The project brings together specialists in the different questions and addressed fields, from a broad range of disciplines (sociology, political science, history, and law). It combines two levels of investigation: the first is a cross-cutting study of conflict of interest (CoI) in medical journals, health authorities, and in doctor-industry relationships, while the second addresses the question of CoI in a more detailed fashion, looking at specific therapeutic classes. A large range of data are used to address this complex and controversial topic and underpin our work:
- interviews (political/health officials, experts, doctors, scientists, members of non-governmental organizations, journalists, patients, etc.)
- archives (public archives, companies’ archives, personal archives of interviewees, etc.)
- prosopographical and career path analysis
- content and bibliometric analysis of publications
- Statistical analyses of the Transparence Santé database

Our analyses focus on both historical dynamics and current operational logics, with each aspect shedding light on the other.

The intermediate results of our research project underline that the category of conflict of interest (CoI) has emerged from the mid 50s in connection with status regulating the activities of US government officials. In the health sector, the promotion of CoI from the mid-1980s was linked to ongoing transformations of the regime of biomedical knowledge production. From the 2000s, several sanitary crises have politicized this category and its uses.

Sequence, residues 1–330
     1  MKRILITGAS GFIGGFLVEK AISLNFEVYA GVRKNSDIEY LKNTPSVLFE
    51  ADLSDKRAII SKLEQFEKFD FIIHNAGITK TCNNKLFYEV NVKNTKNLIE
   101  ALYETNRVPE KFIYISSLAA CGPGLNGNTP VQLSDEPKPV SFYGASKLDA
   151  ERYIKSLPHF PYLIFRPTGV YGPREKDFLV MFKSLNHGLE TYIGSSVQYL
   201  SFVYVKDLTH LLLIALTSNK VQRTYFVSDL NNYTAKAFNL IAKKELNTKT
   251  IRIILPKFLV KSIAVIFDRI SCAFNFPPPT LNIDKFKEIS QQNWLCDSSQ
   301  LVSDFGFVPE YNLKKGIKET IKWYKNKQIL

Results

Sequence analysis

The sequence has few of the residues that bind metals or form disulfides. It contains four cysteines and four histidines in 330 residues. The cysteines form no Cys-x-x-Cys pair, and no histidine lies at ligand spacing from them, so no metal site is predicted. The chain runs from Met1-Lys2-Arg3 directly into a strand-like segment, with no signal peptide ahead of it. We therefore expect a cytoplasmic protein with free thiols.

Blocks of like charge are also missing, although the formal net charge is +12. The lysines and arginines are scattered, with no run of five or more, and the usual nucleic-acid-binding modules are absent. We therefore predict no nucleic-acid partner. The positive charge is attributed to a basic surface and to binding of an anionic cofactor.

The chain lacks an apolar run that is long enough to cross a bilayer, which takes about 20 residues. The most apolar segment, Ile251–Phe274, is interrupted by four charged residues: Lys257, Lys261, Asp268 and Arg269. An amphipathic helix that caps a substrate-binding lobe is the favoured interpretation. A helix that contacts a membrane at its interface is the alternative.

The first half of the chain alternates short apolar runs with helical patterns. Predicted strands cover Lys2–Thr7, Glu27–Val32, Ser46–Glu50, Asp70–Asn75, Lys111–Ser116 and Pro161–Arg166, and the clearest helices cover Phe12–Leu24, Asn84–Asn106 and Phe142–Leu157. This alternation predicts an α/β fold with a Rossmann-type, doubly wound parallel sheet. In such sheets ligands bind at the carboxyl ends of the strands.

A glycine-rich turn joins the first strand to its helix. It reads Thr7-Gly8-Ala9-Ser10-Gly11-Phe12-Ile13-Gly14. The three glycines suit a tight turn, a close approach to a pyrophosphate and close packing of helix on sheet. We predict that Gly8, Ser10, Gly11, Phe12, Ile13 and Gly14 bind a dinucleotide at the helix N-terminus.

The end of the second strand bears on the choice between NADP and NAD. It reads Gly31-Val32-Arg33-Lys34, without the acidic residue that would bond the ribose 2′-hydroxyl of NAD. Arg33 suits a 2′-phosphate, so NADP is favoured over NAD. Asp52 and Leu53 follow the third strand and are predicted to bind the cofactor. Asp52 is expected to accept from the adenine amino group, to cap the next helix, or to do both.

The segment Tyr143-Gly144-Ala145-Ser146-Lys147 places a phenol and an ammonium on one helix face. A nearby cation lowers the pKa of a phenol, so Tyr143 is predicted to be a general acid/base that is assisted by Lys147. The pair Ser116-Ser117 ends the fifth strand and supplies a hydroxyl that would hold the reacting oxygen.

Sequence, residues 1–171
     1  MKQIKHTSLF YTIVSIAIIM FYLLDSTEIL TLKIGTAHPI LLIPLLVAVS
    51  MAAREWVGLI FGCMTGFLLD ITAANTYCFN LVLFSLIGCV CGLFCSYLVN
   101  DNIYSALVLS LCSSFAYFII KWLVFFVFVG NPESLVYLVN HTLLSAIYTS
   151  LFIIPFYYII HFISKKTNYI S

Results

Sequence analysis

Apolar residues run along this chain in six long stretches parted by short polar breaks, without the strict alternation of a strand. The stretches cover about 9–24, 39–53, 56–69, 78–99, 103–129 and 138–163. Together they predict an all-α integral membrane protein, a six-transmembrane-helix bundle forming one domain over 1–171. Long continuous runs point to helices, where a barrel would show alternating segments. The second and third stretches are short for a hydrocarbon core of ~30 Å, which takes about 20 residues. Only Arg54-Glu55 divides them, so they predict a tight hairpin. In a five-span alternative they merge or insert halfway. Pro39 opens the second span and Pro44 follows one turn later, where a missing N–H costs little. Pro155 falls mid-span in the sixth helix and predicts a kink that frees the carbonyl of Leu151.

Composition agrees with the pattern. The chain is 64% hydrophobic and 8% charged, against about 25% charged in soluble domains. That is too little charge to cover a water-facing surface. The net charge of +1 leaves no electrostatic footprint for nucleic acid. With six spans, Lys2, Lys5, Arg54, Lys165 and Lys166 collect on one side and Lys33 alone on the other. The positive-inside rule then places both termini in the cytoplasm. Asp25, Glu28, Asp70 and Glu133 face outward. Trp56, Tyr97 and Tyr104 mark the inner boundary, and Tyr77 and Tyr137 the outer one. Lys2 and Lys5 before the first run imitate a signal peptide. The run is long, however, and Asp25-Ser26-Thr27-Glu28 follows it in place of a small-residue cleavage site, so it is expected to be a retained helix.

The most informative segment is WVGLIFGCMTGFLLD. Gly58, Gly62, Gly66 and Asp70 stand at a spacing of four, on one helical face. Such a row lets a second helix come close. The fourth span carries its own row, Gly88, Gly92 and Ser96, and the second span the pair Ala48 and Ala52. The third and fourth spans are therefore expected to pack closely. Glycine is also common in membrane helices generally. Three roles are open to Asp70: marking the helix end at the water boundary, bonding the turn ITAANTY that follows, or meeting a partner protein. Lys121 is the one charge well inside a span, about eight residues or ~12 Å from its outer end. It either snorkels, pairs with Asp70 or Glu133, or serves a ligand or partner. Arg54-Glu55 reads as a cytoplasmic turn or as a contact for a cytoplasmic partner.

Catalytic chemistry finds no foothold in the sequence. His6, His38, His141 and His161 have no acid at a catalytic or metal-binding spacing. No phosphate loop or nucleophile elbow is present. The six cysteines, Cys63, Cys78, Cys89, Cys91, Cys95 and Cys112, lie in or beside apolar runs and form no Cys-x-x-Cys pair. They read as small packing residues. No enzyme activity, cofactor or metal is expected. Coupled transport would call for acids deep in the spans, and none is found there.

The category of COI carries a specific conception of the influence of economic actors (the influence is seen as individual and commensurable). The popularity of the CoI notion lies in the fact that it can designate a wide range of problematic situations without assigning them to notions that, as bribery or fraud, have unequivocal moral meaning and are legally well-defined. In fact the trajectory of the notion was directly linked to the enforcement of disclosure procedures (in medical journals, regulatory authorities or as concerns the relationships between industry actors and health care professionals) and these transparency policies often allow the persistence of the problematic interactions under consideration. It is therefore possible that such apparatuses actually stand in place of what could otherwise be more fundamental reform of the sector. Our research also underlines that actors experience difficulties in implementing policies regulating CoI.